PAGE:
Part of me is just happy to have seen this food, so different-looking, almost as though it’s from another planet, or perhaps the creation of a fanciful artist like Dr. Seuss. Another part of me is shocked that I’ve never seen one before, in all my thirty-jhfinu years (excuse my cough). It’s not like they are stocked at my local grocery store, but how is it I’ve never seen one until now? Either way, perhaps this serendipitous sighting has opened my eyes to the possibilities of finding wacky foods adorning the front patios of homes everywhere. Maybe I’ll see them all the time now. If I see anything wacky and blog-worthy, don’t worry, you know you’ll see it here!

Monday, November 14, 2011

Wanderlust (Nov. 13, 2011)

A few mornings ago I wandered, and it was wonder-filled. Apparently the fast pace I usually keep took a toll on me and some part of my brain knew I needed the freedom that wandering brings. It’s the antidote to a life filled with to do lists.

I was pulled toward a beachside neighborhood full of narrow walkways connecting the main drag to the beach. Because of this set-up, it has become a place that is ideal for walking. Perhaps the laid-back beachy environment makes it perfect for wandering rather than hurrying. Every hundred feet there is another walkway, flanked by tiny houses and apartments, opening up the adventure, offering walkers choice after choice, a new possibility with every turn.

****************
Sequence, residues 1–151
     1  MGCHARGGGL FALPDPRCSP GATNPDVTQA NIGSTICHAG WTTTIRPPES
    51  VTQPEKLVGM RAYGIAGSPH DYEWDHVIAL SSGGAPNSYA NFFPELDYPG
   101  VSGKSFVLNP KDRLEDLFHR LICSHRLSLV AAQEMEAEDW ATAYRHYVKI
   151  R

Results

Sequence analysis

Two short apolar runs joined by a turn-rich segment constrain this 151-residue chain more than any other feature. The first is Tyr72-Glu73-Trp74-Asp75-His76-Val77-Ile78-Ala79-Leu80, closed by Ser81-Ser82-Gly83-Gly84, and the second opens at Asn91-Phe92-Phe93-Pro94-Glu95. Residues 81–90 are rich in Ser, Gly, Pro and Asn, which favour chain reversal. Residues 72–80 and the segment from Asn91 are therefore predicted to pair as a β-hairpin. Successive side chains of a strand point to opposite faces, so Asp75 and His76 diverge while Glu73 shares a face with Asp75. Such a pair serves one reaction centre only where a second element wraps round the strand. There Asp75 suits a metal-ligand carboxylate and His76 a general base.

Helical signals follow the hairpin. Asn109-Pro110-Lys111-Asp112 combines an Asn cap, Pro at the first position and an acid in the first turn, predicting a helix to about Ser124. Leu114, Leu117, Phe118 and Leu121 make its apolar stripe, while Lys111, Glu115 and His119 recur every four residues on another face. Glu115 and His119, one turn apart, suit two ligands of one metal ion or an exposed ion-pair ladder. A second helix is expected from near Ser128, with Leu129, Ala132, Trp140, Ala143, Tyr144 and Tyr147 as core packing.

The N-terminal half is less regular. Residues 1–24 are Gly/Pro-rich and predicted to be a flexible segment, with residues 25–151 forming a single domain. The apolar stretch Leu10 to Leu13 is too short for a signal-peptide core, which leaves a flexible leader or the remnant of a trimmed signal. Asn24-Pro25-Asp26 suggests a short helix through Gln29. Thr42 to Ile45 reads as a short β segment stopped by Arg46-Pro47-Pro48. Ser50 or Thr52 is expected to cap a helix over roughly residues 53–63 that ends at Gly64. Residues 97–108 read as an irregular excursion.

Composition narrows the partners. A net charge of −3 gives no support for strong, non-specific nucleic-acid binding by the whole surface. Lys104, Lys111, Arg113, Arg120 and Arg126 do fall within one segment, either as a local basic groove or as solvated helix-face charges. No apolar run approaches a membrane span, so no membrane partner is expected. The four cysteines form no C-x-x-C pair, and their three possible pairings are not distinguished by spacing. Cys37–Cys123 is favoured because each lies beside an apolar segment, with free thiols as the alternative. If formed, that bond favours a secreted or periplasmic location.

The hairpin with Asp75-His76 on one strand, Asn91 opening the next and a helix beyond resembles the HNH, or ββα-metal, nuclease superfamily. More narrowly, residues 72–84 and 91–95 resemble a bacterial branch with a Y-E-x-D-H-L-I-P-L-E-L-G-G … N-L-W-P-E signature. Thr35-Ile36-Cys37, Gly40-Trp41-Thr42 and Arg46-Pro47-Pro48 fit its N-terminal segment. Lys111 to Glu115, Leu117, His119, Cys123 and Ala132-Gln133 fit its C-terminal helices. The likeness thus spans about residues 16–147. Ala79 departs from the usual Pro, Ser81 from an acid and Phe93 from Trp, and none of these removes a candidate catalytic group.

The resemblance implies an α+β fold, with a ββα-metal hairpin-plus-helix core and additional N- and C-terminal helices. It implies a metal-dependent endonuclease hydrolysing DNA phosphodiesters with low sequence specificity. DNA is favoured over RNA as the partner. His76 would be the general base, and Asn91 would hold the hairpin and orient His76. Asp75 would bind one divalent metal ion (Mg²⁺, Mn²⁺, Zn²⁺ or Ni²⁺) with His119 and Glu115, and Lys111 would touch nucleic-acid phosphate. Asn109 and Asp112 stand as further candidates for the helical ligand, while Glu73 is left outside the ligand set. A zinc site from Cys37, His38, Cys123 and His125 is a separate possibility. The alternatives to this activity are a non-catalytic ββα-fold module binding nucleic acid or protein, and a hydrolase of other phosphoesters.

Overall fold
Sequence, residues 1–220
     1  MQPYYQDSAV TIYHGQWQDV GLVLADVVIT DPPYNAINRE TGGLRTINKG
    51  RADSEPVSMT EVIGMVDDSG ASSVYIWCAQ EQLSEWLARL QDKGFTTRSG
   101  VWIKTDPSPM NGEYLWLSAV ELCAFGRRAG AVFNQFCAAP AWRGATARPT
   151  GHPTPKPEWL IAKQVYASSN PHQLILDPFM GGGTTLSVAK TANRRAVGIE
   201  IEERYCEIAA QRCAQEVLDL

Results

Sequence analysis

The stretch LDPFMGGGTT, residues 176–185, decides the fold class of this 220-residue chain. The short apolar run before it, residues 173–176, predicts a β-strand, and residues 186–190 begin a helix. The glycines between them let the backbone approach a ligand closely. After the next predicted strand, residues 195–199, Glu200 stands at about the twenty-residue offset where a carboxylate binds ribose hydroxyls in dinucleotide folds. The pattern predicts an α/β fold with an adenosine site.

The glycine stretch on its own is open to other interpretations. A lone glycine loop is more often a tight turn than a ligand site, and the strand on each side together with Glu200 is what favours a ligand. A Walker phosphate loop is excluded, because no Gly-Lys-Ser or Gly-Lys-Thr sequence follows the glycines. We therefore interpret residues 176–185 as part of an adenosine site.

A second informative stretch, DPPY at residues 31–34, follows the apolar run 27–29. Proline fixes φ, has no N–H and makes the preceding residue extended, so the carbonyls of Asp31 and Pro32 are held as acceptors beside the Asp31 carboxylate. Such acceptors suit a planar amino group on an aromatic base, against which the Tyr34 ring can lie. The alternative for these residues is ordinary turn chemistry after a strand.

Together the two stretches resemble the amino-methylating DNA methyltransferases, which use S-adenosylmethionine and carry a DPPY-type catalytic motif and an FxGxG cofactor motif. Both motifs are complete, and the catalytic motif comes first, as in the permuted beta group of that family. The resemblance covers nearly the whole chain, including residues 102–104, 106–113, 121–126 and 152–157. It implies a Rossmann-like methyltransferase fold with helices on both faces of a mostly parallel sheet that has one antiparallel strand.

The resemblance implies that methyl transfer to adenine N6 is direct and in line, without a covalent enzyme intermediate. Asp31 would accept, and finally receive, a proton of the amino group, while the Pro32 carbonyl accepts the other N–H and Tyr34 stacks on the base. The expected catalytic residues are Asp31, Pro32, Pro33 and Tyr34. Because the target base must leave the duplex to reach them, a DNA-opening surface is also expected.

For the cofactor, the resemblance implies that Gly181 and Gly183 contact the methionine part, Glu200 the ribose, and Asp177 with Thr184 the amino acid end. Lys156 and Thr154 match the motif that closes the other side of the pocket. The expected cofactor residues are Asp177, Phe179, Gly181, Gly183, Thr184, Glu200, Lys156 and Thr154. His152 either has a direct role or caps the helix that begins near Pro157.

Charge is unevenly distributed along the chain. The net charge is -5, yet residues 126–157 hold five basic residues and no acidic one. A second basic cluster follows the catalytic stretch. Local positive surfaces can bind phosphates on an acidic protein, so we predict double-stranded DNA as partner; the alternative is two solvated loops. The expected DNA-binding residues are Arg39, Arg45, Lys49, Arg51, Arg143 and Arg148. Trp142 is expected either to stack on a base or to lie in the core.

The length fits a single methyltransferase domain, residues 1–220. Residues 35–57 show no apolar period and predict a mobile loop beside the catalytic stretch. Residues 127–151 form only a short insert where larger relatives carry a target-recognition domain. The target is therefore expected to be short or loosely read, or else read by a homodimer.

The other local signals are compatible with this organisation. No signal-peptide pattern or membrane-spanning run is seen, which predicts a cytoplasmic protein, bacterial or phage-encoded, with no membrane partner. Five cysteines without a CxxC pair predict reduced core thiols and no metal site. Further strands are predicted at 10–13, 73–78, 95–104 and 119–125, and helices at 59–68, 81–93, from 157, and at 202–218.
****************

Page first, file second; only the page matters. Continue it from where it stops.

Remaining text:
One patio space was only five feet deep by seven feet wide but the gardener packed it with a lemon tree, tomato plants, a ficus tree, succulents and other plants. Bravo!

So many small spaces were transformed by plants:

I ended up wandering up and down these walkways, and also took side routes through alleys. Some people wouldn’t think that alleys make for great blogging material, but they clearly need to wander alleys more. I’m not saying it’s always scenic. You walk by trash cans, and even I must admit they aren’t necessarily the most exciting scenery. But alleys are home to a lot more than garbage cans. You just have to be open to it.